With investment sales slowing, and the $1 billion-building sale fading, how does the Manhattan landlord know he’s still cock of the walk? When landlords size each other up, it’s usually over who can build the biggest tower. But in these times of record-smashing rents, it’s all about who can collect the biggest 15-year lease.
Between April and September a sampling of 88 “premium” towers saw average direct lease rents increase from $99.11 to $107.54 a square foot, according to the brokerage Cushman & Wakefield.
Now that the $100-a-foot deal is a given, it’s a horse race over who can get the priciest lease.
Richard LeFrak opened eyes this summer when he said he’d be asking for minimum taking rents of $125 to $140 a foot at his 35-year-old 40 West 57th Street. The line in the sand he drew was dramatic: It was only a year earlier that Nautica had signed a lease in the lower part of the tower at rents that were about three times less. No matter!
And apparently, it really doesn’t matter. After Labor Day, one source told The Observer that there were six or seven hedge funds and financial firms fighting for the space. And, according to the CB Richard Ellis broker Zach Freeman, the asking rents are “holding, if not tending upward.”
Score a point for Mr. LeFrak (who, by the way, also sold an outer-borough residential portfolio for $250 million before Memorial Day. Good summer!).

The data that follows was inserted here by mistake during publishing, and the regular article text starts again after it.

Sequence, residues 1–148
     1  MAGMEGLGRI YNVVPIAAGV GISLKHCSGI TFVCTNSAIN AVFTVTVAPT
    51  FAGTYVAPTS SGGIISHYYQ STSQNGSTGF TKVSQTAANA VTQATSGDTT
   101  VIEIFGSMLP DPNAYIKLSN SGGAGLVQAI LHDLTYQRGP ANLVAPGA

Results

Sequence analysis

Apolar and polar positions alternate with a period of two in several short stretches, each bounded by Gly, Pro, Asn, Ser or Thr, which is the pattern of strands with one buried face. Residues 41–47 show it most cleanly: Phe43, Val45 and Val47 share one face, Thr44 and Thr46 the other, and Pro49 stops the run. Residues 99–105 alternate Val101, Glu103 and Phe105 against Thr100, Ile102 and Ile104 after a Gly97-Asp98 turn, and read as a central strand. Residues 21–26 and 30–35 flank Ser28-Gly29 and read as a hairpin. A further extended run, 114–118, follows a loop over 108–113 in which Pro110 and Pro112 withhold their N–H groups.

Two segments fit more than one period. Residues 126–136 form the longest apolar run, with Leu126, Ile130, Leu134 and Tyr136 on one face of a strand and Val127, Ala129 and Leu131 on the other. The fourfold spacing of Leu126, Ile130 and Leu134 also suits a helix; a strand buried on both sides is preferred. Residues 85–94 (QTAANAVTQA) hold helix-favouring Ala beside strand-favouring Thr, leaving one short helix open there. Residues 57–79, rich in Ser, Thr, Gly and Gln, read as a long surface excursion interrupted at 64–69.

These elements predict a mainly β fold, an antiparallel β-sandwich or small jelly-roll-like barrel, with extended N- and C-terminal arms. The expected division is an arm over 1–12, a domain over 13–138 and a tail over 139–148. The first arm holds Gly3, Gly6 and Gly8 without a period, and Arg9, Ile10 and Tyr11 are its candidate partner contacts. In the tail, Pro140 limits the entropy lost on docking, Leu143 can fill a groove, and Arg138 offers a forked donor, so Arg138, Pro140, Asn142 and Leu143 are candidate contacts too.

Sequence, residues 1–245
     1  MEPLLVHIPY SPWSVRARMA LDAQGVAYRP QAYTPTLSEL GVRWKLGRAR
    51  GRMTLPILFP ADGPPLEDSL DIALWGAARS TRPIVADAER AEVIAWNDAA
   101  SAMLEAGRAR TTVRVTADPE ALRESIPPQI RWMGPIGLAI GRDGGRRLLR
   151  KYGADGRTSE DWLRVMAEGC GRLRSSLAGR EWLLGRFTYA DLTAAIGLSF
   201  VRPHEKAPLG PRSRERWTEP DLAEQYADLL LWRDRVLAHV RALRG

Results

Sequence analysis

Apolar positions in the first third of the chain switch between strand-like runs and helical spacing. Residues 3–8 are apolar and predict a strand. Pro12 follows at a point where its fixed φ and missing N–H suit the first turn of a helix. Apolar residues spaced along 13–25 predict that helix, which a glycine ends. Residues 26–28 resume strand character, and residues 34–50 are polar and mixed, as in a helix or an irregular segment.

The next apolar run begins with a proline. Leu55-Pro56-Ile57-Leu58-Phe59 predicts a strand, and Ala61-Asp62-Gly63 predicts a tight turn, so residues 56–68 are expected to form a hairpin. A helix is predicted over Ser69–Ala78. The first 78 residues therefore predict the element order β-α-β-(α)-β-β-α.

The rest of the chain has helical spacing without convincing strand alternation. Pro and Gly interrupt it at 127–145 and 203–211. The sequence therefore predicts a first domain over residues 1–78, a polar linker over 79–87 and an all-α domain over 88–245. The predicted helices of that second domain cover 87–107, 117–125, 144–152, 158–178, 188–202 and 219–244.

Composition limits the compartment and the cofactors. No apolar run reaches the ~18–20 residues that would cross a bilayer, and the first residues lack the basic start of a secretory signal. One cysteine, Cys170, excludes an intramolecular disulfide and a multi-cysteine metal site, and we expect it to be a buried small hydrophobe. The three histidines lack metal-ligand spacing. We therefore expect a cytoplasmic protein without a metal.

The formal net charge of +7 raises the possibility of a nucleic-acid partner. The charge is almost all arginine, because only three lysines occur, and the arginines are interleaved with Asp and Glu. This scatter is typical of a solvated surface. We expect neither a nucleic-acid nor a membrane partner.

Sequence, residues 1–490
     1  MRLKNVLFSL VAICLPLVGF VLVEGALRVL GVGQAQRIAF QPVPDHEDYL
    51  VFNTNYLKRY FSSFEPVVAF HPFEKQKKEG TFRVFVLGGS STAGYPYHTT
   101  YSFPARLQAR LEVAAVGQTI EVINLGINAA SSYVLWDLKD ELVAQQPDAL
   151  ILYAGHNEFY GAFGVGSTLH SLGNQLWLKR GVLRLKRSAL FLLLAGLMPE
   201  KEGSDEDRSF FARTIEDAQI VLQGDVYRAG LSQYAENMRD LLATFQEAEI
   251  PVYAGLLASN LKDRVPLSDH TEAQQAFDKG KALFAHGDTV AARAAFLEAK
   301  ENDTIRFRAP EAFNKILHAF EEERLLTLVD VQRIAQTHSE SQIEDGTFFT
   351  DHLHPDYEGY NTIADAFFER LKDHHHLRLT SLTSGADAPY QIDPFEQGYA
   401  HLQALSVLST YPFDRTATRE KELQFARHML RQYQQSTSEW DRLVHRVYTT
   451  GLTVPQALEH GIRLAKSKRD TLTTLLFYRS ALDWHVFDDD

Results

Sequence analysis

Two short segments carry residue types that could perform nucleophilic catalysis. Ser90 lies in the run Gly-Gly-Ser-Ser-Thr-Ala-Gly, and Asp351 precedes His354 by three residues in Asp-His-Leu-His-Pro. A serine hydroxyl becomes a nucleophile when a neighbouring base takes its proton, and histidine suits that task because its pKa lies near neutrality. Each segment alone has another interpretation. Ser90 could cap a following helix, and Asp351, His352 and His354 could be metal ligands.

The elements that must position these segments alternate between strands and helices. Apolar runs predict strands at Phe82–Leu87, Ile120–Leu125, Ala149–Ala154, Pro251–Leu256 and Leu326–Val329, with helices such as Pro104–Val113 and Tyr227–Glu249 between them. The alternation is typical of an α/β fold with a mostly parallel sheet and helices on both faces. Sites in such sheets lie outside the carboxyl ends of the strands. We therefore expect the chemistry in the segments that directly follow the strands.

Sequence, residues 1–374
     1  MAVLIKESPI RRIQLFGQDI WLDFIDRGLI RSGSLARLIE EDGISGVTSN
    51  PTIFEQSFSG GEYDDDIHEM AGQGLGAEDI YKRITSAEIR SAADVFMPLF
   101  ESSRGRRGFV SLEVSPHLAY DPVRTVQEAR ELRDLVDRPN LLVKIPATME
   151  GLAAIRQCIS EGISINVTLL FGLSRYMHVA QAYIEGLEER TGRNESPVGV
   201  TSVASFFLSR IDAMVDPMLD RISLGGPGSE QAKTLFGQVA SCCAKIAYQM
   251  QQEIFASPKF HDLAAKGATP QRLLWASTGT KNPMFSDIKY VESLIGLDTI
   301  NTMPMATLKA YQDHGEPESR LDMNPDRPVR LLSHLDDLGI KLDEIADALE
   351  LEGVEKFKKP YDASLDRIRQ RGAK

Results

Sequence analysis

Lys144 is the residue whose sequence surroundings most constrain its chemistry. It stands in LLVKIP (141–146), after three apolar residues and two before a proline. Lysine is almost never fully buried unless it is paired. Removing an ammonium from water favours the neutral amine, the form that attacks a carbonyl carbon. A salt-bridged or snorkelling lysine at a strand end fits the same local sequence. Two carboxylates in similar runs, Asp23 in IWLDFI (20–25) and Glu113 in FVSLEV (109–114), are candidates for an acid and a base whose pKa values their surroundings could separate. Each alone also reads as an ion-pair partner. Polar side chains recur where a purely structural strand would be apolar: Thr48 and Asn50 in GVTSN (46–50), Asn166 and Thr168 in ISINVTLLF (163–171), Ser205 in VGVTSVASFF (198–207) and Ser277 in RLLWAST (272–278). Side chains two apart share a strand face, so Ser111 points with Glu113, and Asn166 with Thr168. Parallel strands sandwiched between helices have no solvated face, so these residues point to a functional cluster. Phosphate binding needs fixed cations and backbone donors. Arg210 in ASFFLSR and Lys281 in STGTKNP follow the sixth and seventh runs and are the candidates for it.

Then there’s the man with the new tower, One Bryant Park: Douglas Durst. He brought in the hedge fund Marathon Asset Management and the fashion designer Elie Tahari at taking rents at around $115 per square foot earlier this year.
With only two floors left for rent, how much has Mr. Durst decided to ask for?
Oh, $185 per foot, of course. And where are they with those negotiations? Totals are being discussed in a ballpark well above the Tahari and Marathon leases, according to a source.
Then there’s the man who could be well ahead of everyone: Sheldon Solow. A deal for the top floor at his 9 West 57th Street—praised by so many as the best tower in Manhattan—should reportedly exceed $225 per foot, easily a landmark deal. The rest of the tower, where about 500,000 square feet is opening up, according to Real Estate Weekly, should easily pass the $200 mark as well.
So with spaces drying up for development, forget the pretty tower—it’s time for new elevator shafts, big blocks of space and good renewals.
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